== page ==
Gillian Tan is a Bloomberg Gadfly columnist covering deals and private equity. She previously was a reporter for the Wall Street Journal. She is a qualified chartered accountant.

It's been a little over four months since outdoor-gear retailer Cabela's Inc. agreed to a $5.5 billion takeover by closely-held rival Bass Pro Shops at a mammoth premium, valuing it at $65.50 apiece. Since then, it has slipped more than 26 percent from its post-offer peak to as low as $46.28 on Wednesday because the deal, once a sure thing, is now anything but.

Analysts and investors believe Cabela's could sink even lower -- to say, $35, if a deal isn't consummated.  But if a transaction is completed, even at a renegotiated price, the stock is arguably trading at steeper discount than it deserves. Which will it be?

Deal, New Deal or No Deal?
Bass Pro's acquisition of Cabela's faces challenges but only a couple of Wall Street analysts have pared their expectations
Source: Bloomberg

Here's why shareholders are rightly concerned:

Credit-card business: Part of the reason the deal took so long to come together was that Cabela's had to simultaneously line up buyers for both its retail and credit-card arms. Capital One Financial Corp. faces an uphill climb gaining approval from the Office of the Comptroller of the Currency to buy the latter because it's still in the doghouse with the regulator due to compliance deficiencies related to its program that prevents money laundering. There's a chance that new officials named to join the OCC in coming months could encourage the agency to soften its stance. Failing that, it seems that Cabela's can pay a $14 million break fee to Capital One. That creates an opportunity for other would-be buyers of the credit-card unit, which include Synchrony Financial Corp., Bank of America Corp., Citigroup Inc. and Toronto-Dominion Bank, according to Stephens Inc. analysts. But either way, there's uncertainty about this part of the deal.

Competition concerns: The deal is undergoing additional review by the U.S. Federal Trade Commission. The merger's chances may be dented by the fact that one competitor of the two chains, Gander Mountain & Co., is reportedly preparing to file for bankruptcy. 

Gun sales: As my colleague Brooke Sutherland has written, fear-driven gun purchases subsided when Republican Donald Trump won November's election. This is evidenced by Vista Outdoor Inc.'s recent tumble to a record low on the back of weak gun demand and growing inventory.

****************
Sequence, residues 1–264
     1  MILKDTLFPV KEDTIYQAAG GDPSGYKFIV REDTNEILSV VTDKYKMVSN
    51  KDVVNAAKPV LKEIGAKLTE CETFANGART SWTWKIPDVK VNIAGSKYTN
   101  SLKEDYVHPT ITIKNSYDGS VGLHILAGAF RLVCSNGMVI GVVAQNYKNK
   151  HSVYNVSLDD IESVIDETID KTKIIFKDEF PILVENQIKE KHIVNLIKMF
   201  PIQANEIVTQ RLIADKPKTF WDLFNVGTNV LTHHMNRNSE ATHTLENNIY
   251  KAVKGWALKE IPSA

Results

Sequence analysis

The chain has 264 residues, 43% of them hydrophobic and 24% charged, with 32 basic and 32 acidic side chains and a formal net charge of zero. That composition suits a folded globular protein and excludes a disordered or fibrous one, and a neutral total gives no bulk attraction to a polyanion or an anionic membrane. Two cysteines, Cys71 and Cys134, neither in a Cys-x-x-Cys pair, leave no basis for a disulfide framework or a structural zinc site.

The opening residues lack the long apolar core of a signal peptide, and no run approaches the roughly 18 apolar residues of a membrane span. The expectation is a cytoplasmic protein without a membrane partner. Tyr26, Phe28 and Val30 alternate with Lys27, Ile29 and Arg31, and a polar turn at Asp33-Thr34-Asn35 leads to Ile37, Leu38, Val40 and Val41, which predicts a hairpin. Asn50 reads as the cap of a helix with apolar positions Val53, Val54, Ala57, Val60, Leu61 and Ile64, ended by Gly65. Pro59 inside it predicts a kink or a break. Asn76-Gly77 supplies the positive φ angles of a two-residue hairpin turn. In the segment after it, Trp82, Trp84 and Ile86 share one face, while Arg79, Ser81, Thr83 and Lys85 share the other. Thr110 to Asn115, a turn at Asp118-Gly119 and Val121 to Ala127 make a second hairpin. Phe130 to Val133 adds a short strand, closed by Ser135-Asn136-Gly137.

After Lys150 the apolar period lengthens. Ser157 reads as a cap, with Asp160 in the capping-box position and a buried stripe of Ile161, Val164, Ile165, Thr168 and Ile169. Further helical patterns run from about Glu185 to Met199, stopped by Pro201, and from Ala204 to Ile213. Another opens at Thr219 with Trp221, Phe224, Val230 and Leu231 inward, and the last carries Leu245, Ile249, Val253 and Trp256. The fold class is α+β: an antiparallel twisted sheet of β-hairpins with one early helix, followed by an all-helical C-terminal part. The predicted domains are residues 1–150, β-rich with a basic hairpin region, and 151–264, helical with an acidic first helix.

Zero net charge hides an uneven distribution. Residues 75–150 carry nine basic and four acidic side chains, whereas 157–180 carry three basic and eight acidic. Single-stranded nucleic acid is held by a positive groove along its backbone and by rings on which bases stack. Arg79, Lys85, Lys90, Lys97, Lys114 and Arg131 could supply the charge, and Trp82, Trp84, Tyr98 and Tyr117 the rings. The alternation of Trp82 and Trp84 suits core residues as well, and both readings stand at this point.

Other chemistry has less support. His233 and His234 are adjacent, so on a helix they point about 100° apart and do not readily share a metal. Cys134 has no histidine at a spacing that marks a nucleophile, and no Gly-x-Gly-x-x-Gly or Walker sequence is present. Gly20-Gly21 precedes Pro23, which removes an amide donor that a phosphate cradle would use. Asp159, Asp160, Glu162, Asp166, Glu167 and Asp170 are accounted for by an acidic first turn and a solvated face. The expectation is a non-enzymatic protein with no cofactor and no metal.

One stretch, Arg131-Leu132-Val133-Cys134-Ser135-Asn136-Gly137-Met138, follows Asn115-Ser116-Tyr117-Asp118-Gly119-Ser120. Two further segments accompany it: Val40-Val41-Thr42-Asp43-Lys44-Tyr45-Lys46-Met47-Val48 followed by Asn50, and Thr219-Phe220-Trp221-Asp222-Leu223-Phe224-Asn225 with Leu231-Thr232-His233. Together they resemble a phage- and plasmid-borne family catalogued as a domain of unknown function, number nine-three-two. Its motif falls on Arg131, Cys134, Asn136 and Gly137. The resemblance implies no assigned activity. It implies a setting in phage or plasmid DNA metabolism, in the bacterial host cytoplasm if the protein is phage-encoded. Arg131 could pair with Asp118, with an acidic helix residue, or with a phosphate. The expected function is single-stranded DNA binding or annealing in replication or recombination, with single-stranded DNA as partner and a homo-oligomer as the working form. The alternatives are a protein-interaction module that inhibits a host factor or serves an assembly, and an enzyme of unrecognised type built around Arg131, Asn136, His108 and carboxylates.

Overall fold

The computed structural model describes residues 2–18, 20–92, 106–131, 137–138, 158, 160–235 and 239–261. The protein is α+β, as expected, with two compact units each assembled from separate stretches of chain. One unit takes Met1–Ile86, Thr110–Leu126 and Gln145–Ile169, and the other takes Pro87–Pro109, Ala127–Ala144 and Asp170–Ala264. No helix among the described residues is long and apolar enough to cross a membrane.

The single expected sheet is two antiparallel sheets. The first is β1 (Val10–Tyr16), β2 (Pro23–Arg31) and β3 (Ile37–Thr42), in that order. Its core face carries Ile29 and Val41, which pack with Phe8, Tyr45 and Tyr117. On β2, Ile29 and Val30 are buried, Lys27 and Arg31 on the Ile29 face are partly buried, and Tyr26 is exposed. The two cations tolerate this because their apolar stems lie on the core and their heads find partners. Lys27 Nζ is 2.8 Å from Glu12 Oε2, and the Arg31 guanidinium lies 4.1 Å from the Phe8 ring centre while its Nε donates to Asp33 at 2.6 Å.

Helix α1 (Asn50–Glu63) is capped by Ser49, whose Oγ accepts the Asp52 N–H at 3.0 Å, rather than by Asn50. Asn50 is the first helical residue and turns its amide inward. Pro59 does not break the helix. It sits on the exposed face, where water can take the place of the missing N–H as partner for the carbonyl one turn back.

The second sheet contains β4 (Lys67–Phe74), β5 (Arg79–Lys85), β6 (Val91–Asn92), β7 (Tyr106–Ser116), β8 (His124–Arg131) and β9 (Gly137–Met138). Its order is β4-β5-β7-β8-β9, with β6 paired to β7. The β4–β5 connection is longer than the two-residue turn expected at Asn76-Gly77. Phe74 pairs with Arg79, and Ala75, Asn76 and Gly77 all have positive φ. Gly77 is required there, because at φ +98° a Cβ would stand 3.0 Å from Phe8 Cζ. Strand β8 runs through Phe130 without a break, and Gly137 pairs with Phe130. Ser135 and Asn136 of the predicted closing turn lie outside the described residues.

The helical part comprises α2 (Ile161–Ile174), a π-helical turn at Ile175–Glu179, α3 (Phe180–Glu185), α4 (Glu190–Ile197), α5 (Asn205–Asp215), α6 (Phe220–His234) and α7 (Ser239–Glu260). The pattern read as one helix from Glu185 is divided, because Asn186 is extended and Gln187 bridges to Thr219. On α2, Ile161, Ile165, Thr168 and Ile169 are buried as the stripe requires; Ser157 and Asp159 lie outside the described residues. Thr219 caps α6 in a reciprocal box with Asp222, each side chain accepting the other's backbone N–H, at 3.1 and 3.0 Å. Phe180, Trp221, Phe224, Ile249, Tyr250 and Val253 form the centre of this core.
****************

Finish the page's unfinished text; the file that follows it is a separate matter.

Not-So-Great Expectations
Changing business conditions have dented investor confidence about whether a Cabela's-Bass Pro deal -- in its current form -- will be consummated
Source: Bloomberg

Tax reform: The introduction of a border-adjustment tax as well as the removal of interest deductibility could hurt a combined Bass Pro, which is set to take on a relatively heavy debt burden in its purchase of Cabela's. While the company could enjoy tax benefits attached to the construction of new stores and a lower overall corporate tax rate, these may not outweigh the losses created by other changes to the tax code.

Cabela's reports fourth-quarter earnings on Thursday. Any reassurance that a deal is on track or that both parties have agreed to a renegotiated price will give investors some long-awaited comfort. But even failing that, shareholders may want to refrain from punishing the stock any further. They should remember that Bass Pro is a motivated buyer, with a $230 million break fee on the line. It won't want to let Cabela's off its hook quite so easily.

Fishing for a Discount
Lenders are already showing concern regarding the underlying performance of the combined retailer
Source: Bloomberg

This deal has taken some blows, but not necessarily fatal ones. 

This column does not necessarily reflect the opinion of Bloomberg LP and its owners.

  1. Activist Elliott Management Corp., responsible for putting the company in play, didn't stick around -- the firm sold its 9.2 percent stake during the fourth quarter, according to a filing late Tuesday.

  2. While Cabela's can't solicit competing proposals for the credit-card business, if one was received, the company could pay this fee to get out of its deal with Capital One. It could even break the deal without having to pay anything if it's proven that Capital One misrepresented its ability to obtain timely approval from bank regulators, or if both Capital One and Cabela's mutually agree on a termination.

  3. As of Wednesday,  SunTrust Robinson Humphrey still pegged a 70 percent probability of the deal getting done. 

To contact the author of this story:
Gillian Tan in New York at

To contact the editor responsible for this story:
Beth Williams at